Posts Tagged ‘ Power Metal ’

Album of the Week 06-2019: Aria – Feniks


‘Feniks’ was a return to form for Russia’s Aria. Not entirely like the titular character, because bassist Vitaly Dubinin never really lost his special songwriting touch, but ‘Feniks’ is definitely the first Aria album since ‘Krov Za Krov’ two decades earlier that is pretty much excellent from start to finish. Maybe it was the addition of the fantastic new singer Mikhail Zhitnyakov, who debuts here, that gave the band some fresh impulses. But whatever the reason, everything that makes traditional heavy metal worthwhile is present in these songs, with just enough contemporary aggression to justify the band’s existence in this century.

Previous singer Artur Berkut often gets the blame for the somewhat less enthusiastic reception of the two albums before ‘Feniks’. However, he is a decent singer and really, the albums suffer from the same issue as the last three albums with Valery Kipelov: the highlights are nothing short of amazing, but all other songs are forgettable. Picking highlights is a lot more difficult on ‘Feniks’, because it is a consistently excellent set of songs and the same can be said about the performances and the production. None of the songs is worth skipping and the sound is clear and convinving.

Opening with ‘Chorny Kvadrat’ was a wise choice. The song combines the band’s strong Iron Maiden influence with a slightly more modern power metal approach, which truly allows newcomer Zhitnyakov to shine. His voice has all the passion of Kipelov’s, with a slightly larger range and an unprecedented degree of theatricality to boot. Comparable in approach is the powerful ‘Boi Bez Pravil’, which has a similarly subtle degree of melancholy in its triumphant traditional metal sound. Both of these tracks alone would already have been worth whatever you pay for the album, as they are among the best Aria songs to date.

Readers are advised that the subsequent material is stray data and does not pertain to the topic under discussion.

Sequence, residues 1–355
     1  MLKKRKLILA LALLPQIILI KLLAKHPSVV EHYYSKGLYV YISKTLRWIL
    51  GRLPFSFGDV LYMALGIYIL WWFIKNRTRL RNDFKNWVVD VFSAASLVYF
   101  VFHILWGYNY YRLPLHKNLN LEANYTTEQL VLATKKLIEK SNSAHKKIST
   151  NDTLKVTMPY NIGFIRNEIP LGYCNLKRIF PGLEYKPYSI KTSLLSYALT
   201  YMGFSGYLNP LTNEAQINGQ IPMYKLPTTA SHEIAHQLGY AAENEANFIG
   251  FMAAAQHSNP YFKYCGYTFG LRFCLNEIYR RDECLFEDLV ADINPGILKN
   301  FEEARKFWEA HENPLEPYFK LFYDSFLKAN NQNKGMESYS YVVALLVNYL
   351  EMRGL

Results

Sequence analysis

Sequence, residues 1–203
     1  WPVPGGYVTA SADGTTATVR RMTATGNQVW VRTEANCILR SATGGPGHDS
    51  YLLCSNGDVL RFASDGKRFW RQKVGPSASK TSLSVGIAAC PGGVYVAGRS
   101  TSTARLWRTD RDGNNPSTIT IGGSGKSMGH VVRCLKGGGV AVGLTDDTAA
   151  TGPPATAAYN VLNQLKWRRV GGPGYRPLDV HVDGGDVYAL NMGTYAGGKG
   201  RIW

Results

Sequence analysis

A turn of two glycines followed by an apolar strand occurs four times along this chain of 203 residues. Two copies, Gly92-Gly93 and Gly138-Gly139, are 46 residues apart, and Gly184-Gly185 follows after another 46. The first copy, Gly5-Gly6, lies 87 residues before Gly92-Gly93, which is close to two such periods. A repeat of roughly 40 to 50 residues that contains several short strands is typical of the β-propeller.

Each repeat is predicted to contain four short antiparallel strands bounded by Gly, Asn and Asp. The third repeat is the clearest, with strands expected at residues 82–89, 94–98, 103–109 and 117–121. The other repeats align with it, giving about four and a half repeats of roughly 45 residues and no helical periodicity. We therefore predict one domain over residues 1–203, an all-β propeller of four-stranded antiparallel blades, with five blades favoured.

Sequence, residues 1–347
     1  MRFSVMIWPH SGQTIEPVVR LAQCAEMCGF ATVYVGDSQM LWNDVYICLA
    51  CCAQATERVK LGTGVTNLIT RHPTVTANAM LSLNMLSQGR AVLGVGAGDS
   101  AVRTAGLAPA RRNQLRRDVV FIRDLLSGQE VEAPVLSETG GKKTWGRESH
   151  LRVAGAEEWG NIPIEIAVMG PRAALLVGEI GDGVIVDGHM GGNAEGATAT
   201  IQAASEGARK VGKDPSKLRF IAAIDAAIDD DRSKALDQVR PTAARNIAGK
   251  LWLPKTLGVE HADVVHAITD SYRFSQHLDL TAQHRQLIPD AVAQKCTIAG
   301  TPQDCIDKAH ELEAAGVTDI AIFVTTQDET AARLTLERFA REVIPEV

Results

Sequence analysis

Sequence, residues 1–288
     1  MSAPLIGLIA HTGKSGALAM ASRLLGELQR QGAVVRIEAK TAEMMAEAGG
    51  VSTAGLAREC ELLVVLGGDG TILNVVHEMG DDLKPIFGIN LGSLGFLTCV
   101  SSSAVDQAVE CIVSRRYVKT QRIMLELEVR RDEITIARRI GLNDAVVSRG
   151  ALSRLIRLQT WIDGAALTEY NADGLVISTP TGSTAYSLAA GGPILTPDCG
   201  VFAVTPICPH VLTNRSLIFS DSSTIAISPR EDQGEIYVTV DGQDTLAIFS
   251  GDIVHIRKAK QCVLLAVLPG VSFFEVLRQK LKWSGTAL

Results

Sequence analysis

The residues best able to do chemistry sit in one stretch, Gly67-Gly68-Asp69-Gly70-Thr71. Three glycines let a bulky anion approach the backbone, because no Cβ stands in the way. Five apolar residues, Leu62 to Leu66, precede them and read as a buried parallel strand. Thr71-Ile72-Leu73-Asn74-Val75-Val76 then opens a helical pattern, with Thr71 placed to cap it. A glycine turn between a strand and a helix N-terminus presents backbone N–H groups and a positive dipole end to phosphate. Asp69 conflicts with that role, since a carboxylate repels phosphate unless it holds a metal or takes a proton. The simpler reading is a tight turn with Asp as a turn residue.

Luckily, there is more. Aria always manages to pump out a couple of engaging epics and this time around, the splendidly constructed ‘Chornaya Legenda’ is the best one. The entire song has an atmosphere of imminent danger and the way the intro riff comes back in a different key after the acoustic middle section is pure brilliance. ‘Attila’ and ‘Istoria Odnogo Ubiyci’ are slightly less dense riffing-wise, instead opting to give the song some room to unfold. The calmly symphonic ‘Rekviyem’ is a pretty unique ballad in Aria’s discography and really shows off Zhitnyakov’s abilities. The title track shows the band at its most Maiden-esque, while ‘Dalniy Svet’ and ‘Ravnovesiye Sil’ are powerful midtempo hardrockers with really cool vocal harmonies in their choruses.

While it is tempting to blame Aria’s return to form on the arrival of Zhitnyakov, that would be too easy. For one, there are recordings of the band demoing ‘Boi Bez Pravil’ with Berkut floating around on YouTube and I cannot imagine that being the only one, since he left the group only months before te release of ‘Feniks’. Instead, something else must have sparked the inspiration of the band. We may never know to whom or what we should be thankful, but ‘Feniks’ rates among the best albums Aria has released to date. In fact, it is one of the greatest traditional heavy metal albums of the 21st century.

Recommeded tracks: ‘Chorny Kvadrat’, ‘Boi Bez Pravil’, ‘Chornaya Legenda’

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Album of the Week 02-2019: Gargoyle – Gaia


For some reason, ‘Gaia’ often gets ignored when people discuss the greatest works of Gargoyle. Up until last year’s unfortunate dissolution of the band, the songs on ‘Gaia’ did not even appear on their live sets all that much. Maybe that is a result of the material on the album making optimal use of the two guitar line-up, since Gargoyle would continue with just one guitarist after Yotaro left. It would really be a pity to let ‘Gaia’ go by unnoticed though, because there is simply too much good music on the album. It is in fact one of Gargoyle’s finest efforts.